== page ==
This week, two Pacific storms are lining up to hit the island of Hawaii, which rarely takes a direct hit from a hurricane.
The natural-color image above is a composite built from two overpasses by the Visible Infrared Imaging Radiometer Suite (VIIRS) on the Suomi NPP satellite on August 29, 2016. At the time, Hurricane Madeline and Hurricane Lester were both hovering between category 3 and 4 storms. The bright streaks across the ocean surface (crossing Hawaii and Lester) are areas of sunglint, where sunlight reflected directly back at the VIIRS imager.
At 11 a.m. Hawaii Standard Time on August 30, Madeline was centered 370 miles east-southeast of Hilo, Hawaii, and had sustained wind speeds of 115 miles (185 kilometers) per hour. At the same time, Lester’s wind speed was 120 mph (195 kmph) and its position was 1,300 miles east of Hilo.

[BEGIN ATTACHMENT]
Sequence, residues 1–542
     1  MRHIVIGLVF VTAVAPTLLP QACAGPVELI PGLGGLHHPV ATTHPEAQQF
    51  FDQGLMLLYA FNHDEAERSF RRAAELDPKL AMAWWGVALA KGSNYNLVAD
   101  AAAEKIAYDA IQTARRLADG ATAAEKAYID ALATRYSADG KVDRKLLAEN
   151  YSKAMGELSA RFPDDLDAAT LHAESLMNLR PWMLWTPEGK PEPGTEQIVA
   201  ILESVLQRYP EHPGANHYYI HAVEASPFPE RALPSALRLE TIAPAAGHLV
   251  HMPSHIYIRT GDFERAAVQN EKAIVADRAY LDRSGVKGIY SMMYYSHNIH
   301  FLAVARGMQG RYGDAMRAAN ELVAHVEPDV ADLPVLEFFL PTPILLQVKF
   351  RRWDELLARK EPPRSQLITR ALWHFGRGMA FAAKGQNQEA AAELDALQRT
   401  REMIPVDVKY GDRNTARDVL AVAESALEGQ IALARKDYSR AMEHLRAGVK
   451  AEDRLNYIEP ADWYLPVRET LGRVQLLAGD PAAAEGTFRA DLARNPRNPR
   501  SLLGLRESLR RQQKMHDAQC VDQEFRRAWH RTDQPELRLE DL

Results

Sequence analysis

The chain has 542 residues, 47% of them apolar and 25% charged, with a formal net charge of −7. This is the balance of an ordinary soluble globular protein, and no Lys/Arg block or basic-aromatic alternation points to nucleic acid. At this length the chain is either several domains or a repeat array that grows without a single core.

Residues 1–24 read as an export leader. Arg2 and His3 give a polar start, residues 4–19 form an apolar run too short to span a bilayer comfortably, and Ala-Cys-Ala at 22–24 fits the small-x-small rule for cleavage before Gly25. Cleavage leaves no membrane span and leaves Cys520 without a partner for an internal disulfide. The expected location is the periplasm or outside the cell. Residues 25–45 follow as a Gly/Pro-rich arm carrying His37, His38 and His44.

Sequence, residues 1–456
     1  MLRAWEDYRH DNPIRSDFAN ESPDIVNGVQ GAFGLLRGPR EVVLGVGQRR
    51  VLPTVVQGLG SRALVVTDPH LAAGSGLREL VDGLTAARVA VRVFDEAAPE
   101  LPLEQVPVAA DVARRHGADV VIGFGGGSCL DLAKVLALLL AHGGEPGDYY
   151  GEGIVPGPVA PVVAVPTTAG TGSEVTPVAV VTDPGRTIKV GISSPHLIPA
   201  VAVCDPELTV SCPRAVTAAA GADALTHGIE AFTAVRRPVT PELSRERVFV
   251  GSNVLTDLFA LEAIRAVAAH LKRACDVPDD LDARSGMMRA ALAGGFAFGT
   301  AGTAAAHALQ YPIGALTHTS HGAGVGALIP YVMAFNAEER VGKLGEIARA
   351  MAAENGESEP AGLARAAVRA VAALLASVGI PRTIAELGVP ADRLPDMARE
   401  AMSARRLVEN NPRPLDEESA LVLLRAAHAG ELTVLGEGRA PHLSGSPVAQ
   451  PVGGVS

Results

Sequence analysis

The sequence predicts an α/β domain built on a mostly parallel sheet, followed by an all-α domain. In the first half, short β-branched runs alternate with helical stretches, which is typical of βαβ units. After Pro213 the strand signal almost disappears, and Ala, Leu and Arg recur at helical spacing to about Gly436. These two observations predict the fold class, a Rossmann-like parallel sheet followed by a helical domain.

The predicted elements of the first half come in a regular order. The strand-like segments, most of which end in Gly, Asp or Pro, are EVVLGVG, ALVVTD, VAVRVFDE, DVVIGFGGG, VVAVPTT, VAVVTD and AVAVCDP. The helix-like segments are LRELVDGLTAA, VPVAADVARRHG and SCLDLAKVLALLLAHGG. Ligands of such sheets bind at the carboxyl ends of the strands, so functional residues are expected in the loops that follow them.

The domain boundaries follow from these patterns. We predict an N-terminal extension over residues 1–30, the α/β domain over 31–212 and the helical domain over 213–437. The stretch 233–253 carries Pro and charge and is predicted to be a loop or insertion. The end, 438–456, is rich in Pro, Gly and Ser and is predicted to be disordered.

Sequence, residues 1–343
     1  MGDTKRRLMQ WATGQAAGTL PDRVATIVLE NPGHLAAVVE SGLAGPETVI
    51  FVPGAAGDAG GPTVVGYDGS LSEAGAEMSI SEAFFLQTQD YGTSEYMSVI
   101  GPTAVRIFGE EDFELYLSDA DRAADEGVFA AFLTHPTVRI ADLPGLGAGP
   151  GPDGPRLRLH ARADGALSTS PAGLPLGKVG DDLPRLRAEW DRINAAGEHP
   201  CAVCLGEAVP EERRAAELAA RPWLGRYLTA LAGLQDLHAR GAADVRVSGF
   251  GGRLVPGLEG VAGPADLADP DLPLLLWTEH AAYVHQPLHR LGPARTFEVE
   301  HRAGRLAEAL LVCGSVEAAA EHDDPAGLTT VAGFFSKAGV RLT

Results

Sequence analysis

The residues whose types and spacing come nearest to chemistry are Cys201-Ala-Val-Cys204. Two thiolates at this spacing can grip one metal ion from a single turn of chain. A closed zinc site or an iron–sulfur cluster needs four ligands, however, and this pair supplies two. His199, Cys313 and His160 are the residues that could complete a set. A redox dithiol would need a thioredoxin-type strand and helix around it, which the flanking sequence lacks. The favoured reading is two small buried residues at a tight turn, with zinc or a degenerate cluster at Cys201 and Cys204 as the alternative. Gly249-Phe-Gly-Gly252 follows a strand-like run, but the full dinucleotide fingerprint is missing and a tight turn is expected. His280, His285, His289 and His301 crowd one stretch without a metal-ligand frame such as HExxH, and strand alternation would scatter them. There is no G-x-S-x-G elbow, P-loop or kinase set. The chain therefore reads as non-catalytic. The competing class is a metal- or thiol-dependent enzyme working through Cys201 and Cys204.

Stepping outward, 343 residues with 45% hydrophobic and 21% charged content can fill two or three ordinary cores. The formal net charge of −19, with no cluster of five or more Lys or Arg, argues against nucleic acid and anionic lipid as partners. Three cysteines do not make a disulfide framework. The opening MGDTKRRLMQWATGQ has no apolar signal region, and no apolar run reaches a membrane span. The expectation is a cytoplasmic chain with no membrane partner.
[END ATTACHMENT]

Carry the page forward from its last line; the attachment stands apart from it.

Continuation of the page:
The map below shows the tracks of Madeline and Lester compared to the tracks of all reported storms in the National Oceanic and Atmospheric Administration record from 1842 to 2016. Note the relative lack of storms in the central Pacific compared to the waters off Central America and Asia.
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